SubgroupsNo. of studyNo. of subjectsWMD95%CIP valuePhPower
Asian102,3520.28 (0.19, 0.37)<0.0010.013 1.000
Caucasian152,9560.38 (0.09, 0.68)0.011 <0.0011.000
Age groups
5-5.9 y.o.3311.97 (1.28, 2.65)<0.001<0.0010.153
6-6.9 y.o.5761.38 (1.01, 1.76)<0.001<0.0010.586
7-7.9 y.o.82111.42 (1.20, 1.64)<0.0010.022 0.946
8-8.9 y.o.82920.77 (0.60, 0.94)<0.001<0.0011.000
9-9.9 y.o.82520.85 (0.66, 1.04)<0.001<0.0011.000
10-10.9 y.o.83490.93 (0.77, 1.09)<0.001<0.0011.000
11-11.9 y.o.103340.92 (0.76, 1.09)<0.001<0.0011.000
12-12.9 y.o.104200.94 (0.80, 1.09)<0.001<0.0011.000
13-13.9 y.o.83340.78 (0.61, 0.94)<0.001<0.0011.000
14-14.9 y.o.71800.85 (0.62, 1.07)<0.0010.002 1.000
15-15.9 y.o.4780.00 (-0.33, 0.32)0.978 0.456 1.000
16-16.9 y.o.235-1.66 (-2.21, -1.11)<0.001<0.0010.220
Overall255,3080.35 (0.17, 0.52)<0.001<0.0011.000

Table 2. Meta-analysis comparing the between dental age using Demirjian’s method and chronological age (in years) among boys.

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Figure 2. Forest plot of WMDs for the comparison between dental age using Demirjian’s method and chronological age among boys (A) and girls (B).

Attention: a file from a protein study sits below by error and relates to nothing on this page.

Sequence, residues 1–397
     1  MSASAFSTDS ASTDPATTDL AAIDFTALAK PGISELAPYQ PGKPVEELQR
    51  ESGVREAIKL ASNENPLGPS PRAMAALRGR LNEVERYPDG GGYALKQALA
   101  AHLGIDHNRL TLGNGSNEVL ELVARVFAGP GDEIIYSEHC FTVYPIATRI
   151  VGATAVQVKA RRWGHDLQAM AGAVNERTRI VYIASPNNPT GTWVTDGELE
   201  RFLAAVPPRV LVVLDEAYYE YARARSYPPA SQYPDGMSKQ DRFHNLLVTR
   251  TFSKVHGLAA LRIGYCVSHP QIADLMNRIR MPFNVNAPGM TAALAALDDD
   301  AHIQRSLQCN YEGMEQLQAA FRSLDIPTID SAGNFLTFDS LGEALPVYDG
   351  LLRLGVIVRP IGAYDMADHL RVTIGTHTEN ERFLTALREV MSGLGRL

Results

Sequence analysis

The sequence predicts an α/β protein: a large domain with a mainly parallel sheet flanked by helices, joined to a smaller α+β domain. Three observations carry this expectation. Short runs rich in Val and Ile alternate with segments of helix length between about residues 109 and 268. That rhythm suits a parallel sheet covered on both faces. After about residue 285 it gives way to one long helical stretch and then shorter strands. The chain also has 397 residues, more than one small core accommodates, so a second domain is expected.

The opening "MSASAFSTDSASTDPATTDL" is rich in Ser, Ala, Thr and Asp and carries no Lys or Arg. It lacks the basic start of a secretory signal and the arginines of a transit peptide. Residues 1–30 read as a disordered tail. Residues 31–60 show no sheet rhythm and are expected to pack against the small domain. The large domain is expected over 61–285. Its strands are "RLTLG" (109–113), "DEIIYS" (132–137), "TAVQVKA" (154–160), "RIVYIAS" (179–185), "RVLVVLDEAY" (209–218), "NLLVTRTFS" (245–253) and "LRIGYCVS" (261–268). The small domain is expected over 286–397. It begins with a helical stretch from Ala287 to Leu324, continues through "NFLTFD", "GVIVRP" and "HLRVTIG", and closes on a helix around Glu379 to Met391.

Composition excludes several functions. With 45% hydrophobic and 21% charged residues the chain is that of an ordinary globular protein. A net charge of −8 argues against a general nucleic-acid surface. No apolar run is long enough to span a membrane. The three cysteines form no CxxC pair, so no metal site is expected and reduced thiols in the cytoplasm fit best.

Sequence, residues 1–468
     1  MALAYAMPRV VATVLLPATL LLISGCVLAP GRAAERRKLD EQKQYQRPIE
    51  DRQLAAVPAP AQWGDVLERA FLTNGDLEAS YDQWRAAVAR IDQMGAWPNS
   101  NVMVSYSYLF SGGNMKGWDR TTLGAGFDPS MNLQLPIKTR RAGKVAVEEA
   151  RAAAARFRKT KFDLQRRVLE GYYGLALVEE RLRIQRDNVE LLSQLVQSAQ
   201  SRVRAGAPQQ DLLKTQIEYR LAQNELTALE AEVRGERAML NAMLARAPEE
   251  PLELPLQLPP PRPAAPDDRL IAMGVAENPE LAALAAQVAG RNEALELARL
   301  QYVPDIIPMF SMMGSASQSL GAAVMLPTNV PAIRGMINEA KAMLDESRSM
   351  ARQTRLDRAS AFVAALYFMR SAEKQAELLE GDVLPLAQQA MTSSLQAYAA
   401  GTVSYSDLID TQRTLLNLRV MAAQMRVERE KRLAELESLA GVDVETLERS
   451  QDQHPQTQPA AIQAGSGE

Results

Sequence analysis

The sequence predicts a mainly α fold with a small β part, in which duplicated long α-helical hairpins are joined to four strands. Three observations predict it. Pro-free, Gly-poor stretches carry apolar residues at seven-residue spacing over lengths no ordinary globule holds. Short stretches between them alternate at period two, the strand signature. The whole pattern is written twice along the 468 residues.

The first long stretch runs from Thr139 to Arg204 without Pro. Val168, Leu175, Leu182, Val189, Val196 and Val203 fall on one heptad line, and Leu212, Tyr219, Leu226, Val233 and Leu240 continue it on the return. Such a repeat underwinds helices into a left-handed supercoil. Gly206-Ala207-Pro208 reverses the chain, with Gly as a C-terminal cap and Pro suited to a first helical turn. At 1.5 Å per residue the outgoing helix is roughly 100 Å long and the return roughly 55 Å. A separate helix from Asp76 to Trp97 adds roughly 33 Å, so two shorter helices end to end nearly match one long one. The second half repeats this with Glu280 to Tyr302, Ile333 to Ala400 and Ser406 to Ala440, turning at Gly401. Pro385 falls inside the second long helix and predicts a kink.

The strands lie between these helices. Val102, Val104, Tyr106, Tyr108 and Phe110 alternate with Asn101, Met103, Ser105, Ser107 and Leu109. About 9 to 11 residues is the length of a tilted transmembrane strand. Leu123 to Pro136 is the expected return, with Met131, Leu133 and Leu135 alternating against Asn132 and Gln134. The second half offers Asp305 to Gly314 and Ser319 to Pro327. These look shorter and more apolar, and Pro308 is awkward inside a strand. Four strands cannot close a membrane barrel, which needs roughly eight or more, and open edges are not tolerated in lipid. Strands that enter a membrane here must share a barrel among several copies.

Comparisons between Dental Age and Chronological Age in Females

Table 3 compares the estimated chronological ages for females overall and at each age group using Demirjian’s method. Since heterogeneity was obvious (all P < 0.05), the random effects model was used for combining study estimates. The overall mean difference between estimated dental age and chronological age for girls was 0.39 (95%CI: 0.18-0.61, P < 0.001) years. Subgroup analyses by ethnicity showed that the mean difference between the chronological age and dental age is 0.24 years for Asians and 0.52 years for Caucasians (Figure 2B). An analysis of the difference between dental age and chronological age for girls in different age groups was also conducted. Except for the 15- and 16-year-old subgroups, in which age was underestimated, dental age was overestimated in all age groups by between 0.01 and 1.63 years. The largest overestimations were made for 6- and 13-year-old subgroups, which had overestimates ranging between 0.51 and 2.11 years. Among all the age subgroups, the least difference in dental age was observed in 15 year-old girls.